Hidden under the burned rubble of Dr. Amy Rosenbluh’s home are her grandmother’s candlesticks. Her grandmother had immigrated to the US from Hungary in 1923 and had brought the candlesticks with her.
On Sunday, Rosenbluh stood in the gutted first floor of her home of 18 years and looked into the room where they had stood. Not knowing whether the floor would hold, she feared walking over it to check if the candlesticks were there.
Tiles from the destroyed roof crunched underfoot as she cautiously surveyed the damage. The entire second floor had disappeared, collapsed onto the first. The stairwell now led up to the open sky.
The air was still filled with ash from the blaze that destroyed 18 homes
in the West Bank settlement of Halamish, forcing the evacuation of its 1,300 residents late Friday night and early Saturday morning. Smoke still rose from the hilltops in places.
Like most of her neighbors, the tall, gray-haired woman was torn between mourning her losses and counting her blessings, that there were no serious injuries or loss of life.
“I thought the house had burned to the ground,” she said, adding her relief at discovering the basement might still be intact.
“The fire caught on the roof above our bedroom and apparently traveled to the roof over there, and the whole roof burned and collapsed in,” Rosenbluh said.
Her large, bright pink stucco home stood out in the neighborhood before, and the fire now only made it more visible, because of the front facade – topped by burned timbers – that still largely remained.
“I’m going to rebuild and I’m going to paint it even pinker,” she said. Red police tape was strung across her porch and driveway warning against entry. As Rosenbluh walked back onto the street, neighbors stopped to say that she and her family were in their hearts.
Her 10-year-old grandson forgot for a moment about the damage and asked if he could go to the third floor.
“There is no third floor,” she told him as she tussled his hair.
“Be strong,” a neighbor, Jacqui Slasky, told her as she hugged Rosenbluh.
Together they recalled the events of Friday night.
Strangely, Slasky said, “I have a wooden house. The flames just jumped over our house. This one is gone. That one is gone. We took the kids out and we were in the flames.”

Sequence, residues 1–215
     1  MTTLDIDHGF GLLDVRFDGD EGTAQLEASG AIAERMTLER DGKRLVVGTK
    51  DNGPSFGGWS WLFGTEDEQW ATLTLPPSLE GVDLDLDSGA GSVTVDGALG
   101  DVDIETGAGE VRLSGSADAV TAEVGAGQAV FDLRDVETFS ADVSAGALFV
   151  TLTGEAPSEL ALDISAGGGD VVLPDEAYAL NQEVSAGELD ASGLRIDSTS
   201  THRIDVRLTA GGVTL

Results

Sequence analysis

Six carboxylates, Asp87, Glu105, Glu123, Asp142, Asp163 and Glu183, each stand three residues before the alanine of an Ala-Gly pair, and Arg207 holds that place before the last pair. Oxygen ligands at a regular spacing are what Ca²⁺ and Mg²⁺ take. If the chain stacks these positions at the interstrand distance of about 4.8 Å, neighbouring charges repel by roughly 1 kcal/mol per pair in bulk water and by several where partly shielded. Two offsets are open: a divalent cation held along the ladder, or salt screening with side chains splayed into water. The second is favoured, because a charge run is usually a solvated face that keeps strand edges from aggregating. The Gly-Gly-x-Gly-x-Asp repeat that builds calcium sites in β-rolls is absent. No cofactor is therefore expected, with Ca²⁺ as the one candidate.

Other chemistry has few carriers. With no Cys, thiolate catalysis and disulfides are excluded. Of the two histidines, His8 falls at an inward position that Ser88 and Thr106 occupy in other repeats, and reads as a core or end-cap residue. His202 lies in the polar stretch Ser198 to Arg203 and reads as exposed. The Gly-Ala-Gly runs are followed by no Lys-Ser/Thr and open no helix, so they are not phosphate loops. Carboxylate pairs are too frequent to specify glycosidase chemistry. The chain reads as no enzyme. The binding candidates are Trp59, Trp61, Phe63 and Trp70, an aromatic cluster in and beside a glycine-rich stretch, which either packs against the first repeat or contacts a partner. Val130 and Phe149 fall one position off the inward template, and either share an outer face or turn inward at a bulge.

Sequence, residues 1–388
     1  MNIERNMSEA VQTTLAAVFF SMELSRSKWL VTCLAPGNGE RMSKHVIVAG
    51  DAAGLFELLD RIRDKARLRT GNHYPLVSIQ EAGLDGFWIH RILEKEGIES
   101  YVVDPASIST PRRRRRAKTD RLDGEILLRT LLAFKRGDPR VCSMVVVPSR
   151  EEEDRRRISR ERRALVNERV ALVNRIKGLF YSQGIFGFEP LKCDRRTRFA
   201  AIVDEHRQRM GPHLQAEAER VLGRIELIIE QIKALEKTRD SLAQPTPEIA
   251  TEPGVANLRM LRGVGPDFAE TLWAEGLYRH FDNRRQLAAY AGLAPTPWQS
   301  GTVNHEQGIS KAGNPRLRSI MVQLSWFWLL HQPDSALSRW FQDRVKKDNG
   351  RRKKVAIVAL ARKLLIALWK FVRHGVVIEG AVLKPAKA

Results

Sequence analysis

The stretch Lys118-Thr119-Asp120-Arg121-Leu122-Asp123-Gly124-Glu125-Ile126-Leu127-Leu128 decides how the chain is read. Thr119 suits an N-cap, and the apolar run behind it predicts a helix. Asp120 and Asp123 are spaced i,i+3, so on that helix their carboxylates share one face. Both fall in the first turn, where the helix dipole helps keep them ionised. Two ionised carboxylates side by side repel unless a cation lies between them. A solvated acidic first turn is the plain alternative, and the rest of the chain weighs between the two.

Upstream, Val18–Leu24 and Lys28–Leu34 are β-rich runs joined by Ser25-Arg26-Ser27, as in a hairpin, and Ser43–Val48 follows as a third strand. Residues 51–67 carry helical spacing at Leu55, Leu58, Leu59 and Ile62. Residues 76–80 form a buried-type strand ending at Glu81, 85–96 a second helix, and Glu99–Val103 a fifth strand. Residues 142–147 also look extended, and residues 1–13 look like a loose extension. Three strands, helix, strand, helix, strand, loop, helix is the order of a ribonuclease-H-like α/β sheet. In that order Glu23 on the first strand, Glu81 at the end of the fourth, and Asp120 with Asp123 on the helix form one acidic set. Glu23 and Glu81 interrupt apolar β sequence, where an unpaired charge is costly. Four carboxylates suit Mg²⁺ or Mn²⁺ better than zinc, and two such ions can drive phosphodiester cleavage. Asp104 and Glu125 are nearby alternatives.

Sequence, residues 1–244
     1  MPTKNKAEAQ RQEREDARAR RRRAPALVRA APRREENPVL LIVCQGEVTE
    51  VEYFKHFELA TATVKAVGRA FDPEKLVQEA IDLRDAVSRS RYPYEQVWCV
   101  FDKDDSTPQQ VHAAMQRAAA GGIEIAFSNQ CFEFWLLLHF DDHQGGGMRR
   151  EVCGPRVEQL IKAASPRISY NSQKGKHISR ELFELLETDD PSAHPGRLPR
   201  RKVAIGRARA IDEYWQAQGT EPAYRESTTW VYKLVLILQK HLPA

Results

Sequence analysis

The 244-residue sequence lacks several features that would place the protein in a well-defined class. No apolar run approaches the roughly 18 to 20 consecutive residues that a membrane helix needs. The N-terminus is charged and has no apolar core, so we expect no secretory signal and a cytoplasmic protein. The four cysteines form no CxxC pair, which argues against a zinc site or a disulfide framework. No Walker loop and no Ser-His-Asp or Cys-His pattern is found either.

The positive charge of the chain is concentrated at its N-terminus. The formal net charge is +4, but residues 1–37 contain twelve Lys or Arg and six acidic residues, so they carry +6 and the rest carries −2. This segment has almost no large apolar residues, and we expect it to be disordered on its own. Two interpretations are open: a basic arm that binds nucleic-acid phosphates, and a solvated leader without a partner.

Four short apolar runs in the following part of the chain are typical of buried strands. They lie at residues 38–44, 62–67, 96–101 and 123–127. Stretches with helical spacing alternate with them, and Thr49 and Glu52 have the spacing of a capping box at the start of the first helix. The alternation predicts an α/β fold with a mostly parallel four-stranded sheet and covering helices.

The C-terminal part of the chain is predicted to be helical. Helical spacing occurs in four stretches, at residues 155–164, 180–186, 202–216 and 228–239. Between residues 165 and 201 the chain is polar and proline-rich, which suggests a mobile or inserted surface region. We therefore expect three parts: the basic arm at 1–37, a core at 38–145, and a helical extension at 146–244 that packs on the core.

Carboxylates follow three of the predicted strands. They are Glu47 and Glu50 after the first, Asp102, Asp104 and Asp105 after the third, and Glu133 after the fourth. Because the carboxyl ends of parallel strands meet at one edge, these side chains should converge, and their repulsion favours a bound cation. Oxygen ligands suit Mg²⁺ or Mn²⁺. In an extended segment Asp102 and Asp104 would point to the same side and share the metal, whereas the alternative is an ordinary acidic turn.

The street was filled with ash and blazing cinders, she said. “I was scared to start the car. We were brushing cinders off the babies.”
Then, to break the tension, Slasky said, “Hell, it’s only a goddamn house.”
On Friday, as Rosenbluh was preparing for Shabbat, she considered it plausible, but not probable, that her home could be in danger. In the past, she said, Palestinians had set fires near the settlement, so she believed it could be happening again.
Halamish residents had been advised to pack a small travel bag before Shabbat began. But that didn’t stop Rosenbluh from hosting three American seminary students from Jerusalem.
“I told the girls, ‘It’s not going to happen, but you should just know’ [about the situation].”
Initially, everything was normal. They all walked to her daughter’s home in the settlement for Friday night dinner. After returning home they sat and talked, then went to bed.
The next thing Rosenbluh knew, the students were banging on her bedroom door, saying that firefighters were in their garden.
“They saw people running through the garden with hoses and they did not know what was going on,” Rosenbluh said. “I looked out my window in that direction. I saw the fire. It didn’t look like it was moving. I figured OK, it will get under control. And then, all of a sudden, it traveled very fast.”
There was confusion next, as neighbors helped everyone on the street get into their cars.
Rosenbluh and her husband Michael took two cars and drove with the seminary students to her daughter’s home a short distance away.
But soon the entire community was told to evacuate. Everyone – including her daughter’s five children – piled into cars and headed with the rest of Halamish in the middle of the night to the nearby Ateret settlement.
From Ateret, the Rosenbluhs decided to go their son’s home in Allon and arrived without warning. They simply knocked on his door at 3 a.m. and piled into his home. Neighbors who heard of their arrival came with food later in the day.
The Rosenbluhs made aliya in 1980 from Massachusetts and moved to Halamish in 1998, after building their own home there. Amy Rosenbluh is the director of production for a bio-tech company Jerusalem. Michael chairs the physics department at Bar- Ilan University.
Their decision to move to Halamish was initially political, and stemmed from their opposition to the 1993 Oslo Accords. “We decided we had to put our money where our mouths were.”
But politics aside, she said Halamish is a very special community.
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“This was an amazing house,” she said, “and it will be amazing again.”